After teaching fifth grade for nine years, I was ready for a change. Not because I didn’t enjoy the fifth grade content or the students — I was looking for a new experience. I wanted to expand my knowledge and experience for my own professional growth.
After talking with my administrator, we agreed that I would move down to primary and start the year teaching a 2nd/3rd grade combo class. He didn’t believe this combo class would stay long, and that I would more than likely end up a straight second grade teacher. And it happened just like that. I taught the combo for the first quarter, and then at the start of the second quarter, I was a second grade teacher with adorable seven year olds to teach. What was this experience like? Amazingly overwhelming!
With the Common Core’s emphasis on text complexity (including a standard devoted exclusively to it), there’s been a renewed interest in what actually makes a text complex. Alongside teachers in Massachusetts, I’ve been doing some work on this. We’ve been determining the big idea of a text, and then using rubrics and reading closely to analyze the qualitative elements of text complexity. This includes levels of meaning, structure, language, and knowledge demands. Knowing what makes a text complex helps us decide what to target for our instruction.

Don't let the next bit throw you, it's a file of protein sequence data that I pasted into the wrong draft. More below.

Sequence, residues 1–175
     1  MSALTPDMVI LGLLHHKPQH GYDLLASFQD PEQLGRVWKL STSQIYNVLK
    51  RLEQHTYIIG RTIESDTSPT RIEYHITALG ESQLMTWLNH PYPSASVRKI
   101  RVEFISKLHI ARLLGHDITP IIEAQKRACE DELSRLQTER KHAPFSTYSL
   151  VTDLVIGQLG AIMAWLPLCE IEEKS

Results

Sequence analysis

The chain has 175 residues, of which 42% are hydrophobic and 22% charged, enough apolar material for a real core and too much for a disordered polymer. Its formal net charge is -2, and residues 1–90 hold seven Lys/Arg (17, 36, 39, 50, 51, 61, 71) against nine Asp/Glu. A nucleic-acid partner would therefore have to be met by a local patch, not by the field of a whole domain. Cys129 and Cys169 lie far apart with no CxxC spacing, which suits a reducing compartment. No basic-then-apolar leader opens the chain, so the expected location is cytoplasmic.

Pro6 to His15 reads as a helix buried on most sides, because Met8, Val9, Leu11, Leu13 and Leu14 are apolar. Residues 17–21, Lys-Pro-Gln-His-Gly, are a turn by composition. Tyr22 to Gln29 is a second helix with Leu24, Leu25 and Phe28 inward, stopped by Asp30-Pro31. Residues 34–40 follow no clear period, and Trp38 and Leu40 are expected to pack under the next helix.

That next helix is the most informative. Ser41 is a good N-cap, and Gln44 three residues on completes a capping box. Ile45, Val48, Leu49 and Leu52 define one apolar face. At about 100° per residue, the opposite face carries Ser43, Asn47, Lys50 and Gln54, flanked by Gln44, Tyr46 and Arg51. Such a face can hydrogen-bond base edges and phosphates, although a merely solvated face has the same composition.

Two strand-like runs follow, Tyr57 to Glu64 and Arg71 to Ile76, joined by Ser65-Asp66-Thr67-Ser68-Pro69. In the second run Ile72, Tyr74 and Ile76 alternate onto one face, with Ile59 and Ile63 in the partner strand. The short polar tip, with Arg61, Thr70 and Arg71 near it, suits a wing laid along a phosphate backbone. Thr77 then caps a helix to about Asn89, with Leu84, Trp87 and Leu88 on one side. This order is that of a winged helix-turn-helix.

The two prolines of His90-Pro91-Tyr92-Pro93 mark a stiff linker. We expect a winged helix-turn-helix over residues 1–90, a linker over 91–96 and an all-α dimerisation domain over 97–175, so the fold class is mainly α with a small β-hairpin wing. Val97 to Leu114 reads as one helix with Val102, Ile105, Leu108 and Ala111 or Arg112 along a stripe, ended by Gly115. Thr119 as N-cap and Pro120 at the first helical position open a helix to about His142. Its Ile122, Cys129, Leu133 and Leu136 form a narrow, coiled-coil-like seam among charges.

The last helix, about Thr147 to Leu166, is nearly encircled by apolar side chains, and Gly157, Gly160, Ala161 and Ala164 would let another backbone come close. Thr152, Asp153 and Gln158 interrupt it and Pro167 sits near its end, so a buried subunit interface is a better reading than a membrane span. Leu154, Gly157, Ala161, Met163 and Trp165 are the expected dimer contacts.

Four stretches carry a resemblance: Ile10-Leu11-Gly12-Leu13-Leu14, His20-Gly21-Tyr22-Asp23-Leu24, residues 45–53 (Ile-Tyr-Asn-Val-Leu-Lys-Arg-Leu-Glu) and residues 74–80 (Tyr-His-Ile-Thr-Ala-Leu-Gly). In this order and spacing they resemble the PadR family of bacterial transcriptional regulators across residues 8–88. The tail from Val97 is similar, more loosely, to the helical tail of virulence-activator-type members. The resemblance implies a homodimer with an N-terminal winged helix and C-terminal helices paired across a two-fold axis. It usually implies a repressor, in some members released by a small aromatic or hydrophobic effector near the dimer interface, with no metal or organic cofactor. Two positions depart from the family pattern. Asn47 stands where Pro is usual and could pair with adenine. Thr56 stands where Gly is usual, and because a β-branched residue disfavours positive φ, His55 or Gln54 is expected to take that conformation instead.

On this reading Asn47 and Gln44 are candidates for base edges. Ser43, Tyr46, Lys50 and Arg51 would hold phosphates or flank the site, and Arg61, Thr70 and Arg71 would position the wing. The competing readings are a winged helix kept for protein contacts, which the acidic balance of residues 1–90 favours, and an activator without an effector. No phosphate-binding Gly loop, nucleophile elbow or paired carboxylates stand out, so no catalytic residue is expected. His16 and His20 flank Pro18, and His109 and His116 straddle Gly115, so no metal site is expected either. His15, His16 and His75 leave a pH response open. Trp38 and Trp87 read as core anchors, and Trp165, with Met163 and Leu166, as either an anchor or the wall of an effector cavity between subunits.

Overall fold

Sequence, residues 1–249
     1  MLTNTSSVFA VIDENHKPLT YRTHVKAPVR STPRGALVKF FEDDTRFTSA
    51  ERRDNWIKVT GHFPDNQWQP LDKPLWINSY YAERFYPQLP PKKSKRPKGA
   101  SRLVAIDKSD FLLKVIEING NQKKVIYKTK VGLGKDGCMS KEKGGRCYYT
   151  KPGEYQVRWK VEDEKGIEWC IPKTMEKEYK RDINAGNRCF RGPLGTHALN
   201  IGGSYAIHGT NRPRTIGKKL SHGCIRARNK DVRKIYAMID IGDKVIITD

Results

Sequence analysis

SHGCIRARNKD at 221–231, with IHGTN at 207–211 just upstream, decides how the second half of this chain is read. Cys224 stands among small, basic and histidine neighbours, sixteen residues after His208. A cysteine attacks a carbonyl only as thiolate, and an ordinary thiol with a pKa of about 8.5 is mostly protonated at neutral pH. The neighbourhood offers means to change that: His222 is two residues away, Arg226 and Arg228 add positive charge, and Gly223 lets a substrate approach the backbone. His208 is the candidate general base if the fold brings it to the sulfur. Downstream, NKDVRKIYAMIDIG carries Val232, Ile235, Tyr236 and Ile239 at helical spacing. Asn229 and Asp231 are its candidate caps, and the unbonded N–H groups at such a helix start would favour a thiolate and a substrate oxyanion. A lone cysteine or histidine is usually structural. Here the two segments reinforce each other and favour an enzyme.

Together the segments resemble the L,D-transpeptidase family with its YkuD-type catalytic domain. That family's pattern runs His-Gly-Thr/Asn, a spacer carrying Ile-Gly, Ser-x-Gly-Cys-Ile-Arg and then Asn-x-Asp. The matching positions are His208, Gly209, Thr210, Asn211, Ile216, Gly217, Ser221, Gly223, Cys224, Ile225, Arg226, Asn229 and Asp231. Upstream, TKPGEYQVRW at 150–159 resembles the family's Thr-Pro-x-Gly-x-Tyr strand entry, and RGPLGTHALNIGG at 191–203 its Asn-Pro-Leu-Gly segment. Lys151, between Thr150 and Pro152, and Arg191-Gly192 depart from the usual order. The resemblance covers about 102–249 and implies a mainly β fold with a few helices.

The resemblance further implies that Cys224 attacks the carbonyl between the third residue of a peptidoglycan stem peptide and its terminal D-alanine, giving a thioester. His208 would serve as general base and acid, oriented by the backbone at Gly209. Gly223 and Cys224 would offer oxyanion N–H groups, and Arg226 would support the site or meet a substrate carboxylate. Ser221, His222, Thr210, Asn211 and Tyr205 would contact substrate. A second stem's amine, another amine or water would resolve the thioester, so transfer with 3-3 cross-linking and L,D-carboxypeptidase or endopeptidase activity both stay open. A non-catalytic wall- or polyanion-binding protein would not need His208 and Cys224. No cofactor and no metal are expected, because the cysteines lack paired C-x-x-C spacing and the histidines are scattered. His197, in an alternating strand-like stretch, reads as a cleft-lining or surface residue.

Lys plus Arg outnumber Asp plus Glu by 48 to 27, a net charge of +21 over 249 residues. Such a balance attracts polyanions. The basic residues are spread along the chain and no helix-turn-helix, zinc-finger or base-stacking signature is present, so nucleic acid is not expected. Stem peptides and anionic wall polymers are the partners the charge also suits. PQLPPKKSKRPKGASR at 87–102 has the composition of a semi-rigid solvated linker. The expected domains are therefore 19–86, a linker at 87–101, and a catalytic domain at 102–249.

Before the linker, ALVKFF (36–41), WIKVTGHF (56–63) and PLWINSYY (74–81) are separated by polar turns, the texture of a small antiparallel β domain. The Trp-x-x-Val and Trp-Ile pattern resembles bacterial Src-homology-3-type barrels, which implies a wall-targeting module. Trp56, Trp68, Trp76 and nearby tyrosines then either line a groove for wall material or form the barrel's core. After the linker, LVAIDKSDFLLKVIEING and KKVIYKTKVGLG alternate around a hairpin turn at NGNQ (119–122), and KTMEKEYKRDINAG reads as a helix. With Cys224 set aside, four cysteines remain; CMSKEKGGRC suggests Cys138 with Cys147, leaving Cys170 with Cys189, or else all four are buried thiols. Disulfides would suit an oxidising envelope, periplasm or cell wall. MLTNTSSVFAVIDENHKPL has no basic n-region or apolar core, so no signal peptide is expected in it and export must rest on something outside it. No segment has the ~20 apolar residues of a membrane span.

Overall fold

Of these qualitative elements, vocabulary likely contributes the most to text complexity. Teachers often feel overwhelmed by the sheer number of unknown words students encounter. This is even more the case for students from low income backgrounds who come to school knowing fewer words (Hart and Risley 1995). Though we now know that a set “frustration level” is a myth, the fact remains that if kids don’t know enough of the words, they’re going to have a hard time understanding the text.
I recently visited a set of schools in Chicago that are part of the Academy of Urban School Leadership (AUSL) network. AUSL is an amazing school-turnaround organization in Chicago Public Schools. They produce over 150 new teachers in a top-notch residency program, preparing future teachers to work in urban schools.